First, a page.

BELANO Medical - The Micro­biotics Company


Study: Many Skin Creams Are Detrimental to the Skin Microbiome

Skincare should be modelled on the bacteria’s natural mode of action

Hennigsdorf b. Berlin, 11 January 2022 – Many conven­tional creams and skincare products damage the skin micro­biome, and this may in turn also harm the skin’s health. This emerged as a result of laboratory studies under­taken by BELANO medical AG in Hennigsdorf near Berlin. In addition, negative reper­cus­sions for a user’s general wellbeing and health are also possible.

The biotech­nology company examined the micro­bio­lo­gical behavior of more than 30 samples of creams and skincare products and found that many products hinder the growth of, or even kill off, healthy bacteria on the skin, e.g. Staphy­lo­coccus epider­midis. “These good bacteria, however, are tremen­dously important for our skin”, empha­sizes Dr Christine Lang, professor of micro­biology at Technical University Berlin and CSO at BELANO medical. “In these cases, skin creams can imbalance the micro­biome, and in turn the healthy skin flora.”

Skincare should not be antibacterial

Derma­to­lo­gists agree that the micro­biome – i.e. the diverse community of bacteria, fungi, and other micro­or­ga­nisms on the skin – is crucial for a healthy skin. “Hence, there is an effort underway to make sure that, going forward, we focus far more on safeguarding that skincare or cosmetics protect and nurture the micro­biome, i.e. bacterial diversity on the skin.”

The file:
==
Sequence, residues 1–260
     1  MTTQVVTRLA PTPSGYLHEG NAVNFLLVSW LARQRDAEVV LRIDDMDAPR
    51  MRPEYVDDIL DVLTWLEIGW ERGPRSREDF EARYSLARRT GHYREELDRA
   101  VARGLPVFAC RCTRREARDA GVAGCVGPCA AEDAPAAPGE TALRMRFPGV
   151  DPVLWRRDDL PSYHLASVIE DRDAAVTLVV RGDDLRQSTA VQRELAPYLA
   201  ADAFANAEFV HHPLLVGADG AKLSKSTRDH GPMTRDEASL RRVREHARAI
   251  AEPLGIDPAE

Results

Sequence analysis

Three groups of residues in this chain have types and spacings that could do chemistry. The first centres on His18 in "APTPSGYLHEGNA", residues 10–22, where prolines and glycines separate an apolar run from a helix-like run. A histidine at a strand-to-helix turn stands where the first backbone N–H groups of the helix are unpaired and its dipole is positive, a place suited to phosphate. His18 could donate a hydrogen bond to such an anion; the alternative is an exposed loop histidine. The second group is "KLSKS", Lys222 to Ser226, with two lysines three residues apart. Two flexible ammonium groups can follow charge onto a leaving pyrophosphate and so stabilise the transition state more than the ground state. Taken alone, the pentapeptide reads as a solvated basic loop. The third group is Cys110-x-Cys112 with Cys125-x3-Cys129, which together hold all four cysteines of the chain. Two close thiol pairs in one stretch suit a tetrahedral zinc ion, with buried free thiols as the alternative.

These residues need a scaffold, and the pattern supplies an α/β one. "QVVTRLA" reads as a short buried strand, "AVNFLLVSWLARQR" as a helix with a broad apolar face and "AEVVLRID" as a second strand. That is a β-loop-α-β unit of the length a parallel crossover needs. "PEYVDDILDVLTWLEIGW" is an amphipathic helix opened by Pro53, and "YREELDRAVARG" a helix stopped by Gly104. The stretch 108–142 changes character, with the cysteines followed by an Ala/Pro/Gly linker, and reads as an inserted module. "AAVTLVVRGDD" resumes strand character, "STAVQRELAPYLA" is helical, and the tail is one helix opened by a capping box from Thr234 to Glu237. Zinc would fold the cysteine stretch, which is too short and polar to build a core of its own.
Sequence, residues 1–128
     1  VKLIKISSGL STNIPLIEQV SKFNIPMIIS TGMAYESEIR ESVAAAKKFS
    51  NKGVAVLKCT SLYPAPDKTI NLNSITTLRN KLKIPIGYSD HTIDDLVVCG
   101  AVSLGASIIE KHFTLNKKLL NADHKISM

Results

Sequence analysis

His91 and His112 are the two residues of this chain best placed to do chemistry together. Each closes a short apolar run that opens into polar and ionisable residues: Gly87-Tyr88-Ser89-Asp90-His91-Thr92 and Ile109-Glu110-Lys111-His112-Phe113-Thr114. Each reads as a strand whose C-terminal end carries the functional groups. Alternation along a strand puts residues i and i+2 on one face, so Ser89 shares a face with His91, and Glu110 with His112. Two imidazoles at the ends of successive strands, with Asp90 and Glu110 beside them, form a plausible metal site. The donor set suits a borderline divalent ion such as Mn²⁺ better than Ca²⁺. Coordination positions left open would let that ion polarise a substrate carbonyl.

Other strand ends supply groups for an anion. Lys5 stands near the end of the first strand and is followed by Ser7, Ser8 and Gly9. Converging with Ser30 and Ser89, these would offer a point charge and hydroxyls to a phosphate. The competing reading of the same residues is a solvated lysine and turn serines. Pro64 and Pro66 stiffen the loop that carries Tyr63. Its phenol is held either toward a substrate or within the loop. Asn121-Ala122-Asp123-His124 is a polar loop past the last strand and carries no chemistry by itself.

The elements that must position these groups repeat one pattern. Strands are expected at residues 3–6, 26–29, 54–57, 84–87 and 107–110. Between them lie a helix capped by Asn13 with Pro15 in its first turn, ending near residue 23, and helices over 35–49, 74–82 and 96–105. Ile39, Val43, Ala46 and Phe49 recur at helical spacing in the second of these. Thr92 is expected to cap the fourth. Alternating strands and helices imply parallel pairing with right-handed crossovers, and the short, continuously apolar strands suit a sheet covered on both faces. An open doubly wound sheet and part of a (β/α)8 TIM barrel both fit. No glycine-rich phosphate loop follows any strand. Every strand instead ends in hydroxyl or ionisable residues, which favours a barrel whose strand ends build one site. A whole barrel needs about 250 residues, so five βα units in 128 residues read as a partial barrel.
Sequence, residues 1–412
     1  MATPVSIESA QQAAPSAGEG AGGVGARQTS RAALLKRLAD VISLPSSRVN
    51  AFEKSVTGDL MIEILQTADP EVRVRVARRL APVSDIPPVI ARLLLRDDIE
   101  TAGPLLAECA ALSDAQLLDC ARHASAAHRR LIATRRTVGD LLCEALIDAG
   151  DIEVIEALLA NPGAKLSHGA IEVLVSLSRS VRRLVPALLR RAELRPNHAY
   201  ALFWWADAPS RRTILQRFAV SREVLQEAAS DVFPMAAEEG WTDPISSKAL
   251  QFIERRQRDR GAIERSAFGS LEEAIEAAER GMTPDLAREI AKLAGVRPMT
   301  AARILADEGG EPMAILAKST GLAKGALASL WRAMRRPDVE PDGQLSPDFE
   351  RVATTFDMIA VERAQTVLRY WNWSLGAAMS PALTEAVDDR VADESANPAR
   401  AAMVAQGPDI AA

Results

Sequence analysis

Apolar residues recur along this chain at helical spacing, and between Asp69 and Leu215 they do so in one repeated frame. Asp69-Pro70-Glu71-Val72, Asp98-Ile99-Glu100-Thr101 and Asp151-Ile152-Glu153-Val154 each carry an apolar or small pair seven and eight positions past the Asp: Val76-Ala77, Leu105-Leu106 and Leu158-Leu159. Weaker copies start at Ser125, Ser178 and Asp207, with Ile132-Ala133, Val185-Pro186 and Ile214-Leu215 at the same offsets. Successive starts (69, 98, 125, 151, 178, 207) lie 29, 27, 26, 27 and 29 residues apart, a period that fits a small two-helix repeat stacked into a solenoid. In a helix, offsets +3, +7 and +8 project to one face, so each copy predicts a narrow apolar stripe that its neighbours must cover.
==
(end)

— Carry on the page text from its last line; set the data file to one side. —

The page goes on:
During the Corona pandemic, but also in the preceding years and decades, worries about infection repeatedly drove demand for products which promise to clean and nourish the skin while simul­ta­ne­ously having a disin­fecting or even antibac­terial effect. “This approach, however, is wrong and will do more harm than good”, empha­sizes Prof. Lang. In the long run, this effect and the resulting impairment of the micro­biome could even favor allergies or skin diseases such as atopic derma­titis or aggravate symptoms.

“Most micro­or­ga­nisms on our skin are harmless”, Prof. Lang continues. “Their diversity is essential to a healthy skin flora, and hence for a healthy skin.” Good (commensal) bacteria formed a protective barrier against disease-causing (pathogen) bacteria. They could promote a more rapid healing of injured skin, and hinder the growth of tumor cells (white skin cancer) in the skin. At specialist trade fairs and confe­rences held in the last months, Prof. Lang has already called for cosmetics and skincare products to be more closely modelled on the microbiome’s natural mechanism of action with regard to their compo­sition and mode of operation.

The best lotions made of bacteria

In recent years, many derma­to­lo­gical studies had already shown that in the case of illness or disease, patients often exhibit reduced bacterial diversity. “We see this with both skin and gastro­in­tes­tinal diseases or digestive issues”, says Prof. Lang. As a rule, the respective micro­biome – on the skin, on mucous membranes, or in the gut – was in these cases found to be impaired. Some studies had already demons­trated that condi­tions were improved and symptoms reduced if patients took specific probiotics or (in the case gastro­in­tes­tinal diseases) micro­biotics, or applied micro­biotic medical skincare. An interview with Professor Dr. Christine Lang concerning the skin bacteria’s mode of action and their role in skin health was published several years ago, it is available online at Cremes-entstehen-aus-Bakterien.html. In addition, Prof. Lang has in several lectures provided details on the laboratory testing of the skin creams and subse­quent results, among others at


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